At the social actor and basic traits [layer], there’s strong evidence to suggest that there’s an increase in traits related to conscientiousness and agreeableness, so people become somewhat more dutiful, and hardworking, and conscientious on the one hand, and somewhat warming, and caring, and empathic on the other. Now let’s go to the agent. Early on in life, let’s say late teens to early adulthood, people’s goals tend to be more what’s called “promotion focused goals.” Their goals are about attaining stuff — rewards, education, friends. But there’s a tipping point somewhere in your 40s or 50s where you start to move toward what are called more “prevention focused goals.” And prevention focused goals are about holding on to what you have or compensating for losses. And then you have the autobiographical author. There’s a couple things that we find. Autobiographical reasoning gets far more sophisticated in general as you age. And the second thing is that life stories, especially after 50, tend to become more positive, and sometimes a little simpler too. It’s like early on in life we do Dickens or Dostoevsky, and later we do simpler stories that are maybe easier to follow. It’s sometimes called the positivity bias in aging.

Why do we become more positive with age?

As people get older they just don’t want to remember negative stuff, and they just forget it. And they’ll say, “Yeah okay it was really bad, my mom beat me and everything, it was horrible. But actually, really maybe it wasn’t that bad, she was under stress, and it was tough on her. And you know, I’ve turned out okay, and I’m going to accentuate the positive.” Now, you can do that at any age but people tend to do that kind of thing more as they move into their 50s and 60s.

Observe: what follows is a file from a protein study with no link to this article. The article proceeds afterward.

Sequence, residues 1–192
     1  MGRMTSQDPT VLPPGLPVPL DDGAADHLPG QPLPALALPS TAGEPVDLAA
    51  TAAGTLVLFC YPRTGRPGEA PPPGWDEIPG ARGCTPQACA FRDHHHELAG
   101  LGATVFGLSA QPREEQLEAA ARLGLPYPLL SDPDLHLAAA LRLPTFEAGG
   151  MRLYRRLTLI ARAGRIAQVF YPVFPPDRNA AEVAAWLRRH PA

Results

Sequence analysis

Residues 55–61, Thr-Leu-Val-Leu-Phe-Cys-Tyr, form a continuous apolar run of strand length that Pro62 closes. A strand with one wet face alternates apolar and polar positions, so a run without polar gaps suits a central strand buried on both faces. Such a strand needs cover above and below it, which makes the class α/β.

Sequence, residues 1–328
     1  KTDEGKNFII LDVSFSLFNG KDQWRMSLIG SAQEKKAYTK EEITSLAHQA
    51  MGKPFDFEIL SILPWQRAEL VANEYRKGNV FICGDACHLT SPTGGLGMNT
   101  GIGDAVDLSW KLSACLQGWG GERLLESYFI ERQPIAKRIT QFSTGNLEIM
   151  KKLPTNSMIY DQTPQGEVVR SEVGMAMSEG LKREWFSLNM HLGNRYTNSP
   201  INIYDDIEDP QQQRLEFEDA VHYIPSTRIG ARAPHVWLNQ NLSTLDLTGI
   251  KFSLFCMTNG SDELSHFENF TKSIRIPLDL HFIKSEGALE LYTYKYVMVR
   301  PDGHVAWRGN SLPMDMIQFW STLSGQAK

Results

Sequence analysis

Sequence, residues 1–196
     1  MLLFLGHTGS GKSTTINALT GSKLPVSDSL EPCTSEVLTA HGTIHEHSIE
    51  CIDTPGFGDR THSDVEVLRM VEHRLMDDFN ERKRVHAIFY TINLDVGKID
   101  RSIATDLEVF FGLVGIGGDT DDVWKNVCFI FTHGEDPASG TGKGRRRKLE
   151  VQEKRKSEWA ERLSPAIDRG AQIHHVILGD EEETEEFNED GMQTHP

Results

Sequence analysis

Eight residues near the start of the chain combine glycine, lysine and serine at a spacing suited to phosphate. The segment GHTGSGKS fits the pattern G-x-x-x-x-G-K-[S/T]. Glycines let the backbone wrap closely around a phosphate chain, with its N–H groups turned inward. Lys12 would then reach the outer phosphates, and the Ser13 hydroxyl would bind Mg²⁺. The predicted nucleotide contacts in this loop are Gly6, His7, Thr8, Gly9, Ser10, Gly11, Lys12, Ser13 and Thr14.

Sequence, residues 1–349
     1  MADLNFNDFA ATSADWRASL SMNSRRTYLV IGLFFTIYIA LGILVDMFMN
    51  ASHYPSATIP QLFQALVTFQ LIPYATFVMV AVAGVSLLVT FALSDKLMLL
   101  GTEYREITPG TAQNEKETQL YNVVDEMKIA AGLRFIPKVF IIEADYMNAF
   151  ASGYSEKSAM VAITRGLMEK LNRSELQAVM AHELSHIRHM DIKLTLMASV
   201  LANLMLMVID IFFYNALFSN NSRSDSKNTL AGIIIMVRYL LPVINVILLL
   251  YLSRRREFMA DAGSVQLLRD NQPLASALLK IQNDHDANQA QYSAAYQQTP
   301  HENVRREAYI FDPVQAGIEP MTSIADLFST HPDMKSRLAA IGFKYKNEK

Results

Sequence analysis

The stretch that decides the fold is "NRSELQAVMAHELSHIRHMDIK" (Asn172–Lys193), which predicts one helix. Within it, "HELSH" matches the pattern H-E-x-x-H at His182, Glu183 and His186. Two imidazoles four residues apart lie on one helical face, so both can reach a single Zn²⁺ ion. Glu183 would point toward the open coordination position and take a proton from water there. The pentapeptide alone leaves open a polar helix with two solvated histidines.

Laura Carstensen at Stanford has also written about this. She has this theory called socioemotional selectivity theory, and it tries to explain the positivity bias in terms of the realization people have that they don’t have a lot of time left in life. As you get older, and the end is approaching, it’s like, “what good is it going to do me to obsess over all the negatives” and so forth, and “maybe it’s better for me to focus on the positive.” People also tend to reign in their investments a bit. As I get older I’m going to really focus on the things that matter the most, my family probably, close relationships, friendships. I think that contributes to the positivity bias and to the simplification of life’s stories.

Now there is another line of thinking that tries to explain these things at the level of the brain, suggesting that there are changes in the brain that may partly explain the positivity bias. One piece of research I read recently suggested as we get older the connection between the amygdala (which gets activated in strongly negative emotional situations) and the hippocampus (which sort of notes that the amygdala is firing and makes a memory out of it) degrade a little bit. Therefore, the tendency to create memories about negative events is lessened.

Are there good and bad narrative identities?